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Does Your Workforce Data Fly Securely in the Cloud?

Does Your Workforce Data Fly Securely in the Cloud?

For globally inclined businesses, the data cloud has become nearly indispensable. In fact, research consultancies estimate that worldwide spending on public cloud services will climb from a $70 billion industry in 2015 to over $141 billion in 2019.

Decisions to turn to the cloud for your business’s operations should be met with extreme scrutiny. There are some considerations to fully exhaust before choosing a cloud-based provider, whether your business is just entering the cloud sphere or switching providers for your accounting, IT or HR departments.

Protection Starts from the Ground Up

It’s vital that you know how your data – be it HR related or otherwise – will be protected from potential breaches. Ask your prospective provider some questions.

  • Is the physical barricade secure? That is, the provider’s physical location; the one far below the cloud. Do their facilities and data centers use multiple layers of security? Note that a good cloud provider will have data centers equipped with several forms of security to control access, such as PIN restrictions, keycard access, biometric scanning and retina scan.
  • Are encryption methods up to snuff? According to an article published by Entrepreneur, companies should verify that providers use the highest encryption standards available to thwart the continuously moving target that hackers present. Closely examine encryption devices that defend password and other login-related theft. Conduct some research on the latest advanced encryption standards to ensure your provider is not behind the ball.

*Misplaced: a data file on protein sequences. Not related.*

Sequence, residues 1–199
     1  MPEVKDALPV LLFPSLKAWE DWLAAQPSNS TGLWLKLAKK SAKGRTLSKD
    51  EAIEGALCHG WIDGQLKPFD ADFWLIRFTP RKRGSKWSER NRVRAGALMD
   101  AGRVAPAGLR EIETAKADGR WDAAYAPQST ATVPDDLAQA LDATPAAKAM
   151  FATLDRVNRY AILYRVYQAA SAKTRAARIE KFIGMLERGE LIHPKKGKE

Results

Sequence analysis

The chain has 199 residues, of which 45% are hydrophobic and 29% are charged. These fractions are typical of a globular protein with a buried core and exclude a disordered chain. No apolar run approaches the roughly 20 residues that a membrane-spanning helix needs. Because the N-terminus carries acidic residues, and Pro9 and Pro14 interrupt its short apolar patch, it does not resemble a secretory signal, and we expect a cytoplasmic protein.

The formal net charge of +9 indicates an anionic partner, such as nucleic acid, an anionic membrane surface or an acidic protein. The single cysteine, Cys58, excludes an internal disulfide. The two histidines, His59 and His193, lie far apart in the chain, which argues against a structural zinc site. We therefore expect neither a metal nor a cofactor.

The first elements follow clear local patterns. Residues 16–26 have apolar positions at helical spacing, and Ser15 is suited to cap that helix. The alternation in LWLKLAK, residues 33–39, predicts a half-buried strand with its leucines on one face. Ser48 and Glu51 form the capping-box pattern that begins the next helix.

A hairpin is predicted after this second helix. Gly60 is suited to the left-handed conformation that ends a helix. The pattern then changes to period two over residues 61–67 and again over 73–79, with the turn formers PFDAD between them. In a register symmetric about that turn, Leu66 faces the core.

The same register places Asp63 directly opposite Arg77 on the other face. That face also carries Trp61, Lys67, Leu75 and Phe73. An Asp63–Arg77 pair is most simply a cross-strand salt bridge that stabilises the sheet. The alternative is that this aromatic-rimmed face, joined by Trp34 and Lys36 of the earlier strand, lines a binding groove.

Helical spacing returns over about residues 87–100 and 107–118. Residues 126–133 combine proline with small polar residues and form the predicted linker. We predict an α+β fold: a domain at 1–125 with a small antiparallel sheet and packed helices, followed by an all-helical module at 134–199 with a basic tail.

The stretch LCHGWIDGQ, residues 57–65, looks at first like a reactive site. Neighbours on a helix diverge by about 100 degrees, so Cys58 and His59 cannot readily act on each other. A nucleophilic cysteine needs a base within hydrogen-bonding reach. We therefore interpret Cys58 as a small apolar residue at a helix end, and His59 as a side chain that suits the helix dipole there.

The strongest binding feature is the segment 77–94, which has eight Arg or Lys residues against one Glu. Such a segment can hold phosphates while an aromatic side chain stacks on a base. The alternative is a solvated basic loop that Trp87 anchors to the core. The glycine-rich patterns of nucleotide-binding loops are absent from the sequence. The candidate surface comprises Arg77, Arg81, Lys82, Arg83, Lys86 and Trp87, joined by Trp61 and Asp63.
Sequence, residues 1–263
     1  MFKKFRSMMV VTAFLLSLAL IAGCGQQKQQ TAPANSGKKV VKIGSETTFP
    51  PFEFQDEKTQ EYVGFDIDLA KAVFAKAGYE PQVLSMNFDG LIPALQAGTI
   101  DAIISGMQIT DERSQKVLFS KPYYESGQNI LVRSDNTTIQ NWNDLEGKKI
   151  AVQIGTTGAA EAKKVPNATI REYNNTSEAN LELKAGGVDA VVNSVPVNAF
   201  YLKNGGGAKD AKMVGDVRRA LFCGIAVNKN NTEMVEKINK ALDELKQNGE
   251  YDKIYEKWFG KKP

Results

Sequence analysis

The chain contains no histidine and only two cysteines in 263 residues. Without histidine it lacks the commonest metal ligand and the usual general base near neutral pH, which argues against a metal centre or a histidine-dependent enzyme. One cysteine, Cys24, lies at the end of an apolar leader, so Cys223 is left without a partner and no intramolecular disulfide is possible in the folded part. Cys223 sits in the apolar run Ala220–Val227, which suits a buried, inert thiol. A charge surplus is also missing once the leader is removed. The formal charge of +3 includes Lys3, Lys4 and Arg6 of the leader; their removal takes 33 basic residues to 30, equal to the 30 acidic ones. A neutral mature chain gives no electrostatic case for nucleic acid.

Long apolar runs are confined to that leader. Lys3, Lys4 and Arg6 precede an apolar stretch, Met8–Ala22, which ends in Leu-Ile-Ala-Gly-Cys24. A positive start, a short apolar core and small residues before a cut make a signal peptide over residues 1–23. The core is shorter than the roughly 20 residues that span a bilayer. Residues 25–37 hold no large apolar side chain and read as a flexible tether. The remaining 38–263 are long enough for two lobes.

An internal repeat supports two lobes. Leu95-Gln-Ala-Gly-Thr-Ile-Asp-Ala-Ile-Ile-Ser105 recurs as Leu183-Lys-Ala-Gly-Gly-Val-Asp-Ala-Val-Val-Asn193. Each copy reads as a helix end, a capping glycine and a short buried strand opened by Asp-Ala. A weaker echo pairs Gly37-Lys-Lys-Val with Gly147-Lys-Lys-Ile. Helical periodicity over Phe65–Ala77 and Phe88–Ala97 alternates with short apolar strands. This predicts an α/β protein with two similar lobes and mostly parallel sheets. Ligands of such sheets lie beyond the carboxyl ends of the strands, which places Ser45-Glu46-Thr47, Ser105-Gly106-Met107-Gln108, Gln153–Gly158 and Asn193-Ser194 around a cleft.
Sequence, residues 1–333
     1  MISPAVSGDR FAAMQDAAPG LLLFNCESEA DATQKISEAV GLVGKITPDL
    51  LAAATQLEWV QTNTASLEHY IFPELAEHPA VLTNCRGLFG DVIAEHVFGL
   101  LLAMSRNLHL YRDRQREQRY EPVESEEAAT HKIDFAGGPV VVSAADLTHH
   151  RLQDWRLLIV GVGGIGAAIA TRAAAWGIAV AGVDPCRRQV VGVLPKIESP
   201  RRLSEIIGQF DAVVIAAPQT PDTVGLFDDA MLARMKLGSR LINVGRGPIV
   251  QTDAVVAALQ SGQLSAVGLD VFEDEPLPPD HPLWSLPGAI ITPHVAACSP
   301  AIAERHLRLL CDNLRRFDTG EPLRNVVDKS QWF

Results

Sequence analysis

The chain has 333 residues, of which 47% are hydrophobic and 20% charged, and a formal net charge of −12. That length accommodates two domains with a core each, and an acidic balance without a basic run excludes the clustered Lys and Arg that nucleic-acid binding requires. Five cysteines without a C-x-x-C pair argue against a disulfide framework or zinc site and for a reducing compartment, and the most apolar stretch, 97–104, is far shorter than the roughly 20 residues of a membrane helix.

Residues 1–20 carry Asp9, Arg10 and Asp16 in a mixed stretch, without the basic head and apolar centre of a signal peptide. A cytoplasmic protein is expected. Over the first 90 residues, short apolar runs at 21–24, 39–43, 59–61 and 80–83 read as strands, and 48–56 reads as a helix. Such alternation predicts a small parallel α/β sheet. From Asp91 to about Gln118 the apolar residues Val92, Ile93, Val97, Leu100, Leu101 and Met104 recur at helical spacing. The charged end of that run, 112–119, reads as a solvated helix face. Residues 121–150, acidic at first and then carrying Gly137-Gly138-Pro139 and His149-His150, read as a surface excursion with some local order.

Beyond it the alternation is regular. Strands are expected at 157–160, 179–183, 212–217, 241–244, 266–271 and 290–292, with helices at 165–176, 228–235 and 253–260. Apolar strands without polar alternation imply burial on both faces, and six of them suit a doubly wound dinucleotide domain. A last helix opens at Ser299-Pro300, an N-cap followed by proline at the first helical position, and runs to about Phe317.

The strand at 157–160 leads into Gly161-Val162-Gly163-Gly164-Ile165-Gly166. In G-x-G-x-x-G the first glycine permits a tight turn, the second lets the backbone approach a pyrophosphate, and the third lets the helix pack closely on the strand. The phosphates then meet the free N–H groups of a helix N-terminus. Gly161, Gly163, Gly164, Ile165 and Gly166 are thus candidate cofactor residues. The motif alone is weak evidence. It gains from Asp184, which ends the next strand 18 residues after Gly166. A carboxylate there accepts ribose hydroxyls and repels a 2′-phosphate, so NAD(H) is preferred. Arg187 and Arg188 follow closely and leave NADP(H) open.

• Is personal data firewalled and backed up sufficiently? Passwords, Social Security numbers and personal information to verify your identity obviously are among the most vital data requiring protection. Firewalls and two-factor authentication are some of the most commonly used security devices for minimizing privacy breaches. The latter pertains to a piece of information that only the user knows, supplemental to username and password.

Besides being fortressed by sufficient firewalls and user protocols, the cloud provider should be continuously backing up multiple secure locations in order to ensure your data is available no matter what incident occurs.

If you’re contemplating switching HR and payroll companies, consider a vendor that securely stores employment data via a single application – from talent acquisition, talent management, time and labor management, payroll, to benefits administration. Find out which processes the provider uses to reduce exposure of compliance violations. In addition, see whether the provider:

  • has a long history of profitability
  • is insured for at least $100 million
  • has undergone SSAE 16/SOC 1 audits of their internal controls
  • has obtained ISO-270001 certification